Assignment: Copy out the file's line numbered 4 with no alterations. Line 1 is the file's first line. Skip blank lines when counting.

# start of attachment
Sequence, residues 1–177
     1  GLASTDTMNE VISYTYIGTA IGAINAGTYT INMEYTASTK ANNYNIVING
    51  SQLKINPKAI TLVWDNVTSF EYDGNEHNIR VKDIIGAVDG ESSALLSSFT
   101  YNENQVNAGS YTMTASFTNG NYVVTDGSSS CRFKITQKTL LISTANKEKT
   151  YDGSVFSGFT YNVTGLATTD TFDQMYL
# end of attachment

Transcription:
   101  YNENQVNAGS YTMTASFTNG NYVVTDGSSS CRFKITQKTL LISTANKEKT